under rocks. Geckos were indeed found mainly in the more arid parts of the Peloponnese, but not exclusively so. We
found no evidence of limestone avoidance. We suggest that, because M. kotschyi is better known as being mostly saxi-
colous over most of its range, and exclusively so on the Greek islands, in the Peloponnese the search for this species
has been restricted to a single habitat type, i.e., under rocks and not on trees. It may thus inhabit more localities in the
Peloponnese and be more abundant there than has previously been thought.
Keywords. Arboreality, habitat preferences, Mediodactylus kotschyi, Peloponnese, rock type.
INTRODUCTION
e genus Mediodactylus is predominantly Asian, with
only one of 13 species being found in Europe. e Mediter-
ranean thin-toed gecko, Mediodactylus kotschyi (Steindach-
ner, 1870) (Reptilia: Gekkonidae), has a discontinuous dis-
tribution incorporating southern Italy, through to the Bal-
kans and the Crimean peninsula, to Israel and Iran (Arnold
and Ovenden, 2002; Sindaco and Jeremcenko, 2008).
In Greece, M. kotschy is ubiquitous and highly
abundant on the Sporades, Cyclades, and south Aegean
islands as well as around Crete, where its distribution is
well documented (e.g., Wettstein, 1937; Beutler and Gru-
ber, 1977; Beutler, 1981; Chondropoulos, 1986), and its
diversity is high: 13 subspecies are currently recognized
from the Greek islands (Karandinos and Paraschi, 1992;
Kasapidis et al., 2005; Uetz and Hošek, 2016). However,
it is considered to be rare on the Greek mainland and
throughout the Balkans (Stojanov et al., 2011; Tomovic et
al., 2014), and is oen absent from Peloponnese species
checklists (e.g., Werner, 1929; Cyrén, 1935; Bischo and
Bischo, 1980; Henle, 1989; Pèrez-Mellado et al., 1999).
e Peloponnese peninsula nonetheless forms a major
part of M. kotschyi’s distribution on mainland Greece
180 Rachel Schwarz et alii
(Valakos et al., 2008). It has been recorded from sev-
eral locations (e.g., Monemvasia, the terra typica of M. k.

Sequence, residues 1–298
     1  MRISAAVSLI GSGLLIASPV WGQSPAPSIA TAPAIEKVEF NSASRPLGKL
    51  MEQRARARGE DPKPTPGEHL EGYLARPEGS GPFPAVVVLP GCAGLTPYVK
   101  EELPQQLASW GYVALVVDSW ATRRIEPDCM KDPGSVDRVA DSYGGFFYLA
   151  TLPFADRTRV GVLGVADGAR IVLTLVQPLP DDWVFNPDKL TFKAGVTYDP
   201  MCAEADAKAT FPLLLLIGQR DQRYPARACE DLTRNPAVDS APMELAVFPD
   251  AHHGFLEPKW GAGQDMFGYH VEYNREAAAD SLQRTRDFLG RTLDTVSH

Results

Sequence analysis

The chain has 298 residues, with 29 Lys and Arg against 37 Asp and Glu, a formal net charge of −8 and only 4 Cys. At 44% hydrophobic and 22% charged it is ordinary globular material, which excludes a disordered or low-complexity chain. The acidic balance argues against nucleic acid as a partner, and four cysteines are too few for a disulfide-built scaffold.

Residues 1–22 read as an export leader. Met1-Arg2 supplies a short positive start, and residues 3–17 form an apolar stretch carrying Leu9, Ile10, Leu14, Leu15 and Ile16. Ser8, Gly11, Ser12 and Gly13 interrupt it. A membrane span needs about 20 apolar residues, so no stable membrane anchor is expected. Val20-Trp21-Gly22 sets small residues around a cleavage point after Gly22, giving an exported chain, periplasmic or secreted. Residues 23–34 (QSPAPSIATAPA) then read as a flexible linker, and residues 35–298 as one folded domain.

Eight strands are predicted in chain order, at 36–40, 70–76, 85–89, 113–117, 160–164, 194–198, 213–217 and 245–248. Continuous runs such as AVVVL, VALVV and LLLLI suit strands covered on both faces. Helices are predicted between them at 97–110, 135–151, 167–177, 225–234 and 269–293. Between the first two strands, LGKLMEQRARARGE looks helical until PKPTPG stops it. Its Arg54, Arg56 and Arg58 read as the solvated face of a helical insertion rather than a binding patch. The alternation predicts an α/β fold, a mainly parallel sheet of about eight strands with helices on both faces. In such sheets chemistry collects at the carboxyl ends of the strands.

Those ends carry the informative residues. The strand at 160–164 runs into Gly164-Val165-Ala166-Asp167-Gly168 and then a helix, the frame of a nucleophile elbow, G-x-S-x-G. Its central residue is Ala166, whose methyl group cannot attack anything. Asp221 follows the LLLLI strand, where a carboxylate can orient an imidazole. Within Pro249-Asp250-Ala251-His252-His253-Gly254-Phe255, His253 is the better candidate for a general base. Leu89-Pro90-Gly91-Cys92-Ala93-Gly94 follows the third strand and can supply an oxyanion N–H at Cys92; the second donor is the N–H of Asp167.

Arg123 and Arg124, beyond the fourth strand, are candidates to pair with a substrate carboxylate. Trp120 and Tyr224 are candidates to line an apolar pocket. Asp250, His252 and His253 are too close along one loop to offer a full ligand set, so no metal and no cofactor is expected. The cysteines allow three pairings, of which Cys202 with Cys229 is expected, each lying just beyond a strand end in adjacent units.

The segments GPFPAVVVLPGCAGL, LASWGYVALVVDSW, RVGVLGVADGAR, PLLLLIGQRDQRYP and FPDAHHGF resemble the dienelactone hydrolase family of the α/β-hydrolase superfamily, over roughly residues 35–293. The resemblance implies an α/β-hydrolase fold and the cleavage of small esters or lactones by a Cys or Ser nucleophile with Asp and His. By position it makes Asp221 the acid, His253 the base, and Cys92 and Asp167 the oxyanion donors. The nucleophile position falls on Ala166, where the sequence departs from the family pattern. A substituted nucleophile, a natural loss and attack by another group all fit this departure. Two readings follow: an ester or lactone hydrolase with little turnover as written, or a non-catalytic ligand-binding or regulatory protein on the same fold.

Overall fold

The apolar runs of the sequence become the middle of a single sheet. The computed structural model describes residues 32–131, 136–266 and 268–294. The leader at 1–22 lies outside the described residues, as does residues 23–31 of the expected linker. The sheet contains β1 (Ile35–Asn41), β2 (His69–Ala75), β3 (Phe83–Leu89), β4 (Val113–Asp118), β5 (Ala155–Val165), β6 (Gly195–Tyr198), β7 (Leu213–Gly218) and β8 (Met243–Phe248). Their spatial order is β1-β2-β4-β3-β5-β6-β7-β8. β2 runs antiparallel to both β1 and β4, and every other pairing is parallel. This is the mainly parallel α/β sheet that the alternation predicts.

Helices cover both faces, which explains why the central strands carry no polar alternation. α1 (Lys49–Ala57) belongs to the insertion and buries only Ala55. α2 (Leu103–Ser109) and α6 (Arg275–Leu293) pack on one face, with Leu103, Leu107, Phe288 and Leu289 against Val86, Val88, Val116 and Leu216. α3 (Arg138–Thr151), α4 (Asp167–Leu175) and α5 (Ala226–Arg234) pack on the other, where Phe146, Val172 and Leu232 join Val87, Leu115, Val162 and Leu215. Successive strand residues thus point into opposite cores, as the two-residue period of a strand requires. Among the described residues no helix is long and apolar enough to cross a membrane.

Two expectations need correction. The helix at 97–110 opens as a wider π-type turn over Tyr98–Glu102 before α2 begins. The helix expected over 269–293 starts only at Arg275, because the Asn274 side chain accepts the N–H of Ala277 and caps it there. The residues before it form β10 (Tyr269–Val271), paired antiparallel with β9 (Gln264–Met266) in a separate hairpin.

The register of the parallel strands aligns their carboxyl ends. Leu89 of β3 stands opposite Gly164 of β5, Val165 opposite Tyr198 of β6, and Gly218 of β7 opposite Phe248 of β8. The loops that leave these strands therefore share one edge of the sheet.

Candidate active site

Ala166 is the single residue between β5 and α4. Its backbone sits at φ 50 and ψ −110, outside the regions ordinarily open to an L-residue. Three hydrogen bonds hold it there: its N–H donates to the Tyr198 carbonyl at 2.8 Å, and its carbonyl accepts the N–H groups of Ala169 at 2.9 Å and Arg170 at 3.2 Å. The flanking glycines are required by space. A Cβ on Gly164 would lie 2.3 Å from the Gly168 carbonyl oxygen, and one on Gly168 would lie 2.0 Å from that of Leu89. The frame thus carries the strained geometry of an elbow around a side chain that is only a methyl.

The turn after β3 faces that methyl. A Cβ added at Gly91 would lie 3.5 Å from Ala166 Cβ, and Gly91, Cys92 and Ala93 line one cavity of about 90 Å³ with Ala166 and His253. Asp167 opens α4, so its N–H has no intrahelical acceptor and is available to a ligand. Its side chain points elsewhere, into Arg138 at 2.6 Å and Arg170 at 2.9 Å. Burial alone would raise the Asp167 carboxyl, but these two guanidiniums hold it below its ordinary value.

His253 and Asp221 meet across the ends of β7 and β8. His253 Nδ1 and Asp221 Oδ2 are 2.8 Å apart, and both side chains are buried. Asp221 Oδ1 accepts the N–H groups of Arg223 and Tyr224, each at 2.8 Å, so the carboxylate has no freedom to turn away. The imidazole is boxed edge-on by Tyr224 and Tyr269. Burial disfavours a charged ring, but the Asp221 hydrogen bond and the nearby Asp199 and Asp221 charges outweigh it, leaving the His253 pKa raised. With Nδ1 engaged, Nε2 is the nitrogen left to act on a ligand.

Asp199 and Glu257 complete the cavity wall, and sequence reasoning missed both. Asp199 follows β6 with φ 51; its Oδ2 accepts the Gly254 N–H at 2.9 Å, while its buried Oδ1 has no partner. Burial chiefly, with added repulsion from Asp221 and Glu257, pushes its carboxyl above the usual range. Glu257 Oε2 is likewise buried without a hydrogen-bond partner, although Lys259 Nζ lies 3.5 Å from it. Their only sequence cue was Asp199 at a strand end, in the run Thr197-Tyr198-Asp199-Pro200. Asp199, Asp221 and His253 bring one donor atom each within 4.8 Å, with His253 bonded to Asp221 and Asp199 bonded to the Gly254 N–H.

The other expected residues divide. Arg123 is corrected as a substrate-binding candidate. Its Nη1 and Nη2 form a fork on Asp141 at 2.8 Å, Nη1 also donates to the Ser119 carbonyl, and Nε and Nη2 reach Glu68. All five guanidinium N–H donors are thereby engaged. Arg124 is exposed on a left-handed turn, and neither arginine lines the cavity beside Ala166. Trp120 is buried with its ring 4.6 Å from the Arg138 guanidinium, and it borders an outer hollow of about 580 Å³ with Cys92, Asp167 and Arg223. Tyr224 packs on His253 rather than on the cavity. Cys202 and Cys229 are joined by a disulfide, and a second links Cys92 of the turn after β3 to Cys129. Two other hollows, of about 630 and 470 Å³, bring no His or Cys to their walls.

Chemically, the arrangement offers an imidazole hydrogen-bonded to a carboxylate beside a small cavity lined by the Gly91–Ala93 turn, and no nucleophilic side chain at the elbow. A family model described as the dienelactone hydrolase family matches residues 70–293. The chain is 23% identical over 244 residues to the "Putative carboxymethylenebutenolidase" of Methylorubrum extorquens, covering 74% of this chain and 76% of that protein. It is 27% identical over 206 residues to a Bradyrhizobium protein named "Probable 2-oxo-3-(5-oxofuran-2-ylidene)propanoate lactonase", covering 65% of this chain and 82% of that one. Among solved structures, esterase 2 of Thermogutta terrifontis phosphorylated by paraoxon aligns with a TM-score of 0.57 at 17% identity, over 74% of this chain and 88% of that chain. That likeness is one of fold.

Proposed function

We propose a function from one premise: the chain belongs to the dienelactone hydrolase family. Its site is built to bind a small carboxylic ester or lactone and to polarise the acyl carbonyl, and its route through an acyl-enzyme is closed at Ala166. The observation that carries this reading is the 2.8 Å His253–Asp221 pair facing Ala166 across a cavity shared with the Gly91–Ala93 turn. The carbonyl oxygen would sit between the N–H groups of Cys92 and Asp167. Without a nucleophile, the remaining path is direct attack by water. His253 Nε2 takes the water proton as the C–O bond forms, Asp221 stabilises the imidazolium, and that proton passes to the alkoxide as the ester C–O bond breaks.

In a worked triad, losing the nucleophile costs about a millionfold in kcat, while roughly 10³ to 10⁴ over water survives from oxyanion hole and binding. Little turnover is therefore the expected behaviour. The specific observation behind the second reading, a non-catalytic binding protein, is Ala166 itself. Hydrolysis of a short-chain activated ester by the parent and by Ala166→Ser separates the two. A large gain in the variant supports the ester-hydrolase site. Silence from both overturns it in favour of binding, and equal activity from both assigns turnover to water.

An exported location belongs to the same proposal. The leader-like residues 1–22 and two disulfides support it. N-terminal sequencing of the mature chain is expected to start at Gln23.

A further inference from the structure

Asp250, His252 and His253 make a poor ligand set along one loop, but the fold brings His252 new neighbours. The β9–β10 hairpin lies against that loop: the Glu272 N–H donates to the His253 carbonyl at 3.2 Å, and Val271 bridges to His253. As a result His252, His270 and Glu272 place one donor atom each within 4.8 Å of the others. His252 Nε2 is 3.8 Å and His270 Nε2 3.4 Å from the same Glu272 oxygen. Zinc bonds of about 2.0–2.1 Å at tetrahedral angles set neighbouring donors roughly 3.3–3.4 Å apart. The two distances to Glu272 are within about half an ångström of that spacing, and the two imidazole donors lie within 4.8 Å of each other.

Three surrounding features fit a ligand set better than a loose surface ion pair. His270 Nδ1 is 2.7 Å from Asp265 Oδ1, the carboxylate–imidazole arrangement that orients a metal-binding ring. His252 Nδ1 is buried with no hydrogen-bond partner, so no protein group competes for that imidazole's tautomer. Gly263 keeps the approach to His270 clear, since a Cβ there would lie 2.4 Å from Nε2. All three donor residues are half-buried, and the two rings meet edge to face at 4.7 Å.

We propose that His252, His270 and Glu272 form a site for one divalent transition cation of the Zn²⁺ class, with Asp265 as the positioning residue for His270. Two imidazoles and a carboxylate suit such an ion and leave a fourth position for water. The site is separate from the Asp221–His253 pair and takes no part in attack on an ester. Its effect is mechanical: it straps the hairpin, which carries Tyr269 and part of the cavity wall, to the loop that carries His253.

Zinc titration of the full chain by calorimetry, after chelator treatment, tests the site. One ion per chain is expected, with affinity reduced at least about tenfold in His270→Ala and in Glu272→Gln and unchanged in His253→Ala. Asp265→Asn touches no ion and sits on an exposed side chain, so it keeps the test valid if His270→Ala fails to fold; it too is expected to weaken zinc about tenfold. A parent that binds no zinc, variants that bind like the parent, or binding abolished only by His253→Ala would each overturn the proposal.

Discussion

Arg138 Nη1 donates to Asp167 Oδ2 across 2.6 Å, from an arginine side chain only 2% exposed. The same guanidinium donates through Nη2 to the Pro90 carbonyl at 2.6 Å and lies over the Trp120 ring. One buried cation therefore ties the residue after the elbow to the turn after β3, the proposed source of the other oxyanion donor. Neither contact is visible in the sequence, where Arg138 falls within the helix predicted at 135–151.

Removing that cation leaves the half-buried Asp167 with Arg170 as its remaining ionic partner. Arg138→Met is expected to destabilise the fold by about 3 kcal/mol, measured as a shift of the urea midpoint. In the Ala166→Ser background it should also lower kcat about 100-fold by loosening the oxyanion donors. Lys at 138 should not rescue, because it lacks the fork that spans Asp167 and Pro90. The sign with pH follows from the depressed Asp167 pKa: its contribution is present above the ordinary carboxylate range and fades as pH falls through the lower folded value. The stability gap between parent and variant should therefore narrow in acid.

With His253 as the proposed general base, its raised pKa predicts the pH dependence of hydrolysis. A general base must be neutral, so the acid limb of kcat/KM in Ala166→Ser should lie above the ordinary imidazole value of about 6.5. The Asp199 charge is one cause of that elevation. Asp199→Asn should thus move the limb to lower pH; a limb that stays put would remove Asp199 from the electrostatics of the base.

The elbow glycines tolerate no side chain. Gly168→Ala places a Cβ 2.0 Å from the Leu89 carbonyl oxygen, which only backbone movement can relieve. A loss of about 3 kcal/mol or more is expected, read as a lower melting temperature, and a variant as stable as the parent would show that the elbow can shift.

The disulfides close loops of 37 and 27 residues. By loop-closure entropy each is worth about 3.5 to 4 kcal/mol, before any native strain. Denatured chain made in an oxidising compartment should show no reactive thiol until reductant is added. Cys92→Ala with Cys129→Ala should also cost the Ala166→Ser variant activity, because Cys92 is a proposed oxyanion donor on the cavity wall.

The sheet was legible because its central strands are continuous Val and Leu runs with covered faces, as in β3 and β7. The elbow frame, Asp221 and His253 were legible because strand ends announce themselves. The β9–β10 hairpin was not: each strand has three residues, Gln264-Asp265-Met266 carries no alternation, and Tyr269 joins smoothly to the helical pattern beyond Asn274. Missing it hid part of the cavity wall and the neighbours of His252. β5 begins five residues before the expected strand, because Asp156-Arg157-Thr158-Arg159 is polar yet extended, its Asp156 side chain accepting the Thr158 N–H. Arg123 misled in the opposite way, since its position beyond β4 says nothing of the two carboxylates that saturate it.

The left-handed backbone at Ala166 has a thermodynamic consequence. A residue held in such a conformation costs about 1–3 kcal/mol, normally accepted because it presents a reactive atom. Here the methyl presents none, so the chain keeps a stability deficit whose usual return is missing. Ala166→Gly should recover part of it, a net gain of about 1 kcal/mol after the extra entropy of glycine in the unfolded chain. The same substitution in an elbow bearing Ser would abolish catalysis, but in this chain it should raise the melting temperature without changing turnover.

bibroni, Beutler and Gruber, 1977; Sparta and Kalamata,
Stepánek, 1937), and is thought to be widespread in the
western Peloponnese (Valakos et al. 2008). It is nonethe-
less considered rare, exhibiting a low population density
almost everywhere on the Greek mainland (Ajtić, 2014).
M. kotschyi is described as being mainly saxicolous
across much of its range, being found under rocks and
stone piles, on dry stone walls and even on the external
walls of houses and other buildings (Beutler, 1981 and
citations therein; Musters and In den Bosch, 1982; Arnold
and Ovenden, 2002; Ajtic 2014). In Greece it is described
as preferring dry areas with phrygana (=dwarf shrub
steppe) vegetation, although it also inhabits cultivated
areas (Beutler, 1981). Phrygana is common on the Aegean
islands, but is rare on mainland Greece, and this has been
claimed to be the main reason for its rarity on the main-
land (Beutler, 1981). In Israel, in contrast, M. kotschyi is
almost obligatorily arboreal, and its Hebrew name (“םיצע
תיממש” = “tree-gecko”) reects this (Werner, 1993; Bar
and Haimovitch, 2012; and our pers. obs.). In Israel,
southern Turkey and Iraq it can be found on some com-
mon Mediterranean trees such as oak, olive, g, almond
and carob, as well as on introduced species such as Euca-
lyptus (Weber, 1960; Beutler, 1981; and pers. obs.).
Another major factor thought to inuence the distri-
bution of M. kotschyi is that of substrate. Like all mem-
bers of its genus, this species lacks adhesive toe pads
(Gamble et al., 2012). Many pad-less saxicolous species
are associated with rough rock surfaces (Higham, 2015),
such as sandstone (Russell et al., 2007), perhaps because
they are able to attain a secure grip on these types of
rocks compared to smoother ones. Beutler (1981) sug-
gested that in the Cyclades, where M. kotschyi is very
abundant, the ground is comprised mainly of slate, gran-